Welcome to your weekly digest of approaching regulatory and clinical readouts. Phase II data are due next month on Arena’s prostacyclin receptor agonist ralinepag, which faces a crowded pulmonary arterial hypertension market, and tolerability issues with this class of compound (see table below).
Also, the pivotal trial of Astrazeneca’s severe asthma candidate tralokinumab is due to read out later in the year. After a previous phase III failure, Astra has highlighted a subpopulation in a second study in an attempt to turn the antibody’s fortunes around.
Pulmonary arterial hypertension (PAH) is characterised by increased pressure in the arteries that carry blood from the heart to the lungs, which if left untreated can lead to heart failure. Arena’s ralinepag is an oral agonist of prostacyclin, a potent vasodilator.
The phase II trial is in 60 PAH patients, with data due in July. During the first nine weeks of the trial patients were titrated to individual tolerance levels, and then sustained at this level for up to 22 weeks, versus placebo, on top of stable therapy with an endothelin receptor antagonist and/or a PDE-5 inhibitor.
The primary measures are change from baseline in pulmonary vascular resistance (PVR) and change in six-minute walk distance at 22 weeks. An open-label extension study is ongoing.
The PAH market is crowded, with Johnson & Johnson’s Uptravi set to take the crown in terms of sales by 2022, according to EvaluatePharma sellside consensus. This is also an oral prostacyclin receptor agonist, and in its phase II trial it achieved a statistically significant treatment difference of -30.3% on the PVR endpoint. Strangely, Leerink analysts claim that a 15-20% improvement would be clinically meaningful for ralinepag.
Uptravi, approved in 2015, is associated with significant adverse events including headache, diarrhoea, nausea, myalgia, jaw pain and vomiting. In its phase III trial 14% of patients on the drug discontinued owing to adverse events versus 7% on placebo (Selexipag hit puts Actelion back on the buyout radar, June 16, 2014).
Similar adverse events have been seen with other drugs targeting prostacyclin, so this will be something to watch out for with ralinepag.
|Top 5 PAH products by sales|
|Global sales ($m)|
|Product||Company||Pharma class||Patent expiry||2016||2022e||Route of admin|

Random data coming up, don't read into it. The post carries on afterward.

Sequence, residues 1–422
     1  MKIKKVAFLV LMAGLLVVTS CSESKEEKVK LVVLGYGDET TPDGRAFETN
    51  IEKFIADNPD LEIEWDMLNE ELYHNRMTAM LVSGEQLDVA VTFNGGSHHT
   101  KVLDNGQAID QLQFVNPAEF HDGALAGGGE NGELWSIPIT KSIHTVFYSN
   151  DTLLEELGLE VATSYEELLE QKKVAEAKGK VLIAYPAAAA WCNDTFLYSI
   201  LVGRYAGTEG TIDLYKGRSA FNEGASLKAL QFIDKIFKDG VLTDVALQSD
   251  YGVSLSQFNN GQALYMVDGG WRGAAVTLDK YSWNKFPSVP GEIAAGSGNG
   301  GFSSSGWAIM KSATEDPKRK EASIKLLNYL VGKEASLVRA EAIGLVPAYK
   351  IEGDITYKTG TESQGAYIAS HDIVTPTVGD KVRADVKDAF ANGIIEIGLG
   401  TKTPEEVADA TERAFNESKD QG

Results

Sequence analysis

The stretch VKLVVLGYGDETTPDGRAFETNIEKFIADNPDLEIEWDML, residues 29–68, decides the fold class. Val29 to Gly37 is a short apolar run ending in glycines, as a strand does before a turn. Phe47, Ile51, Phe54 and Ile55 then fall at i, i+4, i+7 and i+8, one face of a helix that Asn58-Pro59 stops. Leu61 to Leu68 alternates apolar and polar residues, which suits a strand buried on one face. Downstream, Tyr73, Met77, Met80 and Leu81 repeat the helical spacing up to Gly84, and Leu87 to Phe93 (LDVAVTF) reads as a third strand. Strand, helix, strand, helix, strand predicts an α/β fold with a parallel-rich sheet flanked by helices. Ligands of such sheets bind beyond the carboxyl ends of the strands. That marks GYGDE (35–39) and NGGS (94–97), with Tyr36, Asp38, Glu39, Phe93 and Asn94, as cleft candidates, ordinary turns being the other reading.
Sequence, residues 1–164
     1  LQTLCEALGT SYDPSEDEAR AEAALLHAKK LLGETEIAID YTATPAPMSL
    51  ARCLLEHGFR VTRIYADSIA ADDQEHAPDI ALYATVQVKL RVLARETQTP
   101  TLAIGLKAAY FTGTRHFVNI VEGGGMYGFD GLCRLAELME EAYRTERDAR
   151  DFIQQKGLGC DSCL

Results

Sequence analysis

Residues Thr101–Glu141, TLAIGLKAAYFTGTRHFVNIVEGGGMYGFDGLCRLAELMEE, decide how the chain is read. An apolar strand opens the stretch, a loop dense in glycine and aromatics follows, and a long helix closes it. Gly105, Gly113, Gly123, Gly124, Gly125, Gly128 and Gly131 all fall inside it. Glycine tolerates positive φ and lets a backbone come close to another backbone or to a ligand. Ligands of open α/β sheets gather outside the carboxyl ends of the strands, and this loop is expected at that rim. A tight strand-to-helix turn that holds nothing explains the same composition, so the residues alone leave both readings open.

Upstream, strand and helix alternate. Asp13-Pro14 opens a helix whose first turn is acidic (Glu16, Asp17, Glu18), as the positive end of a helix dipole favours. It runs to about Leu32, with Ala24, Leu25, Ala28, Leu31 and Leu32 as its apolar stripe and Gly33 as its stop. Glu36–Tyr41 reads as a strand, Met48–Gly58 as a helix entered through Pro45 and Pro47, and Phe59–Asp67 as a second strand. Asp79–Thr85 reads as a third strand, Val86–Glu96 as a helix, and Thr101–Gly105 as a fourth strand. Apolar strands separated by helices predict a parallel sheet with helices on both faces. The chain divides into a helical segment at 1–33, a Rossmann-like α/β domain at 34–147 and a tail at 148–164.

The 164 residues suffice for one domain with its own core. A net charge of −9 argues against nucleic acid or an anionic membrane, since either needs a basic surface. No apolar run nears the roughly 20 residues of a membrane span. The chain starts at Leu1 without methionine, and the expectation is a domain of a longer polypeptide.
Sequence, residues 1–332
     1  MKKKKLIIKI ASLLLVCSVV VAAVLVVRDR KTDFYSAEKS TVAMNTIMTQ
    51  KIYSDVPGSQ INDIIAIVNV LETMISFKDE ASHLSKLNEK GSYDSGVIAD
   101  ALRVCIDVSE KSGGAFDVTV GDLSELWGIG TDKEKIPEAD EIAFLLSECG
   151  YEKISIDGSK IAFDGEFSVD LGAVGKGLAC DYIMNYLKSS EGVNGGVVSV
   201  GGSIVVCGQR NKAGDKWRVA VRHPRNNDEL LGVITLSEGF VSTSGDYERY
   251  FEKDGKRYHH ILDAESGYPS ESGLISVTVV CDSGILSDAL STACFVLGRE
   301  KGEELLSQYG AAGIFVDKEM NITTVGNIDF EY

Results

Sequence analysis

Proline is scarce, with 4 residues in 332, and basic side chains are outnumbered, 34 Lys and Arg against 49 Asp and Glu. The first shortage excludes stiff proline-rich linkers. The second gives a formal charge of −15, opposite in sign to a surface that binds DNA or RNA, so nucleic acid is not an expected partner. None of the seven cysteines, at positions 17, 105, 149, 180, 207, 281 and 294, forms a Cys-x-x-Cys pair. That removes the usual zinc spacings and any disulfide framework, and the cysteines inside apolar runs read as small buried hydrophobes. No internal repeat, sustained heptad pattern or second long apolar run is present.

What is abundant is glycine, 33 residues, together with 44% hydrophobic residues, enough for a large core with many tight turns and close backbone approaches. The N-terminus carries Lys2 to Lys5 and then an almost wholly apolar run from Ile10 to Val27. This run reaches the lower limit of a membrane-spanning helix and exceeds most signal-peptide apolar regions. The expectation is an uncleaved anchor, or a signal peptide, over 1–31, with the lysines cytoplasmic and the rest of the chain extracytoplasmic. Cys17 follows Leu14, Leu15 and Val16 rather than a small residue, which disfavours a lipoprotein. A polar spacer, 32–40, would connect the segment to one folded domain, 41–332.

|Uptravi||Johnson & Johnson||Prostacyclin agonist||Apr 2023||249||2,119||Oral|
|Opsumit||Johnson & Johnson||Endothelin A & B receptor antagonist||Oct 2022||843||1,782||Oral|
|Adempas||Bayer||Guanylate cyclase agonist||Dec 2026||281||475||Oral|
|Remodulin||United Therapeutics||Prostacyclin analogue||Jun 2018||602||360||Injection|
|Orenitram||United Therapeutics||Prostacyclin analogue||Feb 2030||157||294||Oral|
The pivotal study that Astra's tralokinumab already flunked was Stratos 1, failing to show a significant reduction in annual asthma exacerbation rate (AAER) in severe, uncontrolled asthma patients favouring the anti-IL13 antibody versus placebo.
But the company claimed that a clinically relevant reduction in AAER was observed in subjects with an elevated biomarker associated with increased IL-13 activity, and this subgroup is the focus for the analysis of the second trial, Stratos 2, results of which are due in the second half.
Stratos 2 enrolled 856 patients with asthma inadequately controlled by inhaled corticosteroid plus a LABA agonist. The design matches that of the first trial with 300mg tralokinumab administered subcutaneously every two weeks and compared with placebo.
The value of IL-13 inhibition in this indication was already clouded by Roche’s similarly acting lebrikizumab, which succeeded in one pivotal trial but failed a second. Roche has since abandoned efforts in asthma, but has ongoing trials in idiopathic pulmonary fibrosis and atopic dermatitis (Roche’s asthma stumble gives Glaxo the upper hand, February 29, 2016).
EvaluatePharma’s archive of consensus forecasts reveals that lebrikizumab sales were once expected to hit $591m by 2022, with $150m for tralokinumab in the same year. These days analysts have all but written off tralokinumab, though sentiment might change if the project hits in the subpopulation.
If tralokinumab fails completely Astra has some solace in the form of benralizumab in severe asthma. This anti-IL-5 MAb has a PDUFA date due in the second half of the year. Sellside forecast sales sit at $872m by 2022, placing benralizumab behind Glaxosmithkline’s Nucala, which was approved in 2015, and Sanofi’s Dupixent, due to report data towards the end of the year.
|Late-stage asthma antibody landscape|
|Annual indication sales ($m)|
|Cinqair||Teva Pharmaceutical Industries/Merck & Co||IL-5||5||69|
|Filed||Benralizumab||Astrazeneca/Kyowa Hakko Kirin||IL-5||-||872|
|Phase III||Dupixent||Sanofi/Regeneron||IL-4 & IL-13||-||1,310|